Monday, June 7, 2021

Tim Cheveldae Autographed Card

(team links go to sponsored Amazon products, player links go to related pages on my blog, news links go to source pages)

This series was over the moment Mark Scheifele decided venting his frustration was more important than attemptiong a comeback, some time around midway in the first game of the series, way before he actually crossed the line and deliberately injured Montréal Canadiens rookie Jake Evans. He left the Winnipag Jets - already without second-line center Paul Stastny, on the cusp of losing #2 defenseman Dylan DeMelo for a long time - without their top playmaker, a point-per-game player who had helped shut Connor McDavid and the Edmonton Oilers down in the first round.

As his eyes got more and more filled with rage from being stifled by Phillip Danault and clobbered by Shea Weber, Jeff Petry, Joel Edmundson and Ben Chiarot, you could almost read the prediction of how the series would go by the expression on his face, from "Jets in 6" at the opening faceoff to "Jets in 7" in the middle of the second period to "Habs in 7" to start the third, "Habs in 6" five minutes later, and "Habs in 4" when it became clear Scheifele would get a lengthy suspension.

The referees did a good job of not letting any part of this series get out of hand, even calling out Stastny for a penalty for a cross-check after a goal in Game 3, making sure the last ten minutes of play isn't just scrum-after-scrum of frustration masquerading as "message sending" with the potential for more useless injuries.

I love a tough game; I would love for every team to have a Blake Wheeler on one wing and a Josh Anderson on the other to bang and bruise their way to the opposition's net, but dirty plays at the speed of this spot cannot be tolerated, and as much as I really love the Jets, that the series was decided on a bonehead play after an empty-net goal is well-deserved. Wheeler seemed to agree that the suspension changed the course of the series:
You can't describe the impact of losing him. He's a top-10 player in the NHL. I'm not saying that we would win the series in five games because he was in the lineup. But it just changes our team. He makes me better, he makes Kyle Connor better. It just makes our team look a lot different, so it's a damn shame.
I don't believe Scheifele gets the Nazem Kadri treatment and gets shipped out of town, and hopefully he learneds his lesson from this unfortunate situation.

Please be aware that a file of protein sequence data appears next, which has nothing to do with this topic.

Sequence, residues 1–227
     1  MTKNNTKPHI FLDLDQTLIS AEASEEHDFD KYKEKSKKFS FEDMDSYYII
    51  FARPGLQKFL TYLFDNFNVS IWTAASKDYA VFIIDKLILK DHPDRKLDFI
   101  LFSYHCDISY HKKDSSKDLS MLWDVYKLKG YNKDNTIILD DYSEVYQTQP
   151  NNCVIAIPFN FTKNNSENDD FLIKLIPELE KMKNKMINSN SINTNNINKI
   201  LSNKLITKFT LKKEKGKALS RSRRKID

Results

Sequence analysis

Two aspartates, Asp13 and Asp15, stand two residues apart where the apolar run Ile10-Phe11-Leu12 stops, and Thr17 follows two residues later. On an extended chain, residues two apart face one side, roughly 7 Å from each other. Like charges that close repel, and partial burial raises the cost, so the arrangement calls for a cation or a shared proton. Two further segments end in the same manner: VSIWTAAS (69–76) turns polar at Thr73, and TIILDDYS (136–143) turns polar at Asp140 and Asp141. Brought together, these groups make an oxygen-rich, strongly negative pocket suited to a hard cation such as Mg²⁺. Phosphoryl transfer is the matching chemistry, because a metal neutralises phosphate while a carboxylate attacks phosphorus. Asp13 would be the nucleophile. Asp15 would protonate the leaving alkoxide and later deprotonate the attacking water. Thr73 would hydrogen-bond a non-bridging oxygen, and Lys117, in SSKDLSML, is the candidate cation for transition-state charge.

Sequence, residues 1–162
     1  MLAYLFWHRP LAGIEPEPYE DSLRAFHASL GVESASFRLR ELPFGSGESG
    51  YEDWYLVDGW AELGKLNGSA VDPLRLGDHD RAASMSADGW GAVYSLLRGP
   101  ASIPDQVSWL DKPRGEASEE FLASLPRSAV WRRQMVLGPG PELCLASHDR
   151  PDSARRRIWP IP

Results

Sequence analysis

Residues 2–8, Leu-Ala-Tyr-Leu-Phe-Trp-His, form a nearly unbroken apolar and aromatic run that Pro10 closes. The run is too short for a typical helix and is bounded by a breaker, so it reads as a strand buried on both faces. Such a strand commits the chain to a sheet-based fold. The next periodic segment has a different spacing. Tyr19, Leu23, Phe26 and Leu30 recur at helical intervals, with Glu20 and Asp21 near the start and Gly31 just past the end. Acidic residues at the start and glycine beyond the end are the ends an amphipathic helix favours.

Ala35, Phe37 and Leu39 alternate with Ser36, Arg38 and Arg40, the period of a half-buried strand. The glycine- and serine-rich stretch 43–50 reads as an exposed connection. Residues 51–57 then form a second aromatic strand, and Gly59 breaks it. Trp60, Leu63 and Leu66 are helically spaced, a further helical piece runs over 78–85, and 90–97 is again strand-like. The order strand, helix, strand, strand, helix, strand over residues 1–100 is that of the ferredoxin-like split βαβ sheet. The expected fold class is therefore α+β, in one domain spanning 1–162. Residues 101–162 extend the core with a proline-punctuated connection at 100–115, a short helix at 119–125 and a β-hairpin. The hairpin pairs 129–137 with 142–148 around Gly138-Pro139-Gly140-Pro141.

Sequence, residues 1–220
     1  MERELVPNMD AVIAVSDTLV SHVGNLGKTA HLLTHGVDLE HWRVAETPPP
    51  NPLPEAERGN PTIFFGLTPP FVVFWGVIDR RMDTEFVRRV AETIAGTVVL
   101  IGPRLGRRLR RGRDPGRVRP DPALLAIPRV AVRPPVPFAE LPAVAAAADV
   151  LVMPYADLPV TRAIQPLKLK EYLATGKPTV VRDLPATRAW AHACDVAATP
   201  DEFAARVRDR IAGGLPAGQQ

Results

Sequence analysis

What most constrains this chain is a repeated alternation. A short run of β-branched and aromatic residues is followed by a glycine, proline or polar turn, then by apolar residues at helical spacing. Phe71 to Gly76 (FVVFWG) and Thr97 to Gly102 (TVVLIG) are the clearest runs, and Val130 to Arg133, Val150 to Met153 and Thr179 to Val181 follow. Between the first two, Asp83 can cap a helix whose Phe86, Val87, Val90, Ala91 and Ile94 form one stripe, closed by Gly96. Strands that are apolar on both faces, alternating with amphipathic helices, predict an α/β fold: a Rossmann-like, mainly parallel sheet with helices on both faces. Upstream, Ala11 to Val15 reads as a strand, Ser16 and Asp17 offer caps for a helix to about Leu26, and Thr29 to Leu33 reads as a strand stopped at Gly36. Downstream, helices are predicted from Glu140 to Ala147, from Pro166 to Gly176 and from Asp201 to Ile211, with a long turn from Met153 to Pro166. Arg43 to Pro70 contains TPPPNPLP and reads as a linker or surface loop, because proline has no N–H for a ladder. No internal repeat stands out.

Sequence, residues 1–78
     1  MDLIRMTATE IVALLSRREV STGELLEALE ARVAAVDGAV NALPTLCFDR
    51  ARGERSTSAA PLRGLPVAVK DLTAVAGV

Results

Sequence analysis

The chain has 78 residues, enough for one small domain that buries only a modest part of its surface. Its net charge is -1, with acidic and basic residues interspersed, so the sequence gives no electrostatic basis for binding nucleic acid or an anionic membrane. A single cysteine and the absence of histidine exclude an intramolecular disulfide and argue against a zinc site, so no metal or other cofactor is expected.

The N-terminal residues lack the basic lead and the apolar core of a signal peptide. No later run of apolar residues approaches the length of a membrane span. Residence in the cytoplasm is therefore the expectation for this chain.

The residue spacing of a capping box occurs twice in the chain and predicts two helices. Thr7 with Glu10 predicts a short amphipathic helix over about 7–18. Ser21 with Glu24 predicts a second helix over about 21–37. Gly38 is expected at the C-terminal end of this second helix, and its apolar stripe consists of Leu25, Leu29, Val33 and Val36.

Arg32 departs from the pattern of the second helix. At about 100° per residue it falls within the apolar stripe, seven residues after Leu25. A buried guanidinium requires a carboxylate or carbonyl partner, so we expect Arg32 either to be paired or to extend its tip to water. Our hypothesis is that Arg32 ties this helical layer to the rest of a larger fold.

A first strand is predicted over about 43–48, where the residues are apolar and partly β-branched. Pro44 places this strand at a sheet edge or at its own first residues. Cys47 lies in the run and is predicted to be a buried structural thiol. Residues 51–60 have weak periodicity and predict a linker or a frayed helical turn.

Still, these are good times for Jets fans. They have had a very good team for the better part of a decade now, have the best goalie in the game (Connor Hellebuyck), are exciting to watch, have a good tactician in coach Paul Maurice (although at this point perhaps a motivator might be what they should be looking for)... they did not sweep the Oilers by accident.

They are missing two key elements for me: a top-four defenseman and a return to one of their old uniforms, such as the mid-1990s oen as sported by Tim Cheveldae on card #212 from Pinnacle Brands' 1995-96 Score set:
The Ottawa Senators, Calgary Flames and Arizona Coyotes have recently all embraced the retro trand, as has Adidas with their "Reverse Retro" series, I think the Jetsshould also embrace the pre-rebirth history of the NHL in their town.

Cheveldae was a typical Detroit Red Wings goalie: a workhorse for a small number of seasons (three), not quite an established #1 that gets you palyoff success, a scapegoat for postseason failures, and not a Vezina-caliber game-changer, although he did garner some votes in two of his seasons in recognition for games played (72 in 1991-92, for a total of 4236 minutes, and 67 games/3880 minutes the following year, but he had no chance of actually winning with Patrick Roy and Ed Belfour in their prime).

He was replaced in Detroit by Chris Osgood before moving to Winnpeg where he shared the net with Bob Essensa and Nikolai Khabibulin before phasing out of the NHL and into the IHL (Fort Wayne Komets in 1996-97, Las Vegas Thunder in 1997-98, both with a .878 save percentage and nearly identical 3.96 and 3.95 goals-against averages). He rocked the Heaton equipment well in Winnipeg, but my best memories of him are donning the Vaughn pads in Detroit.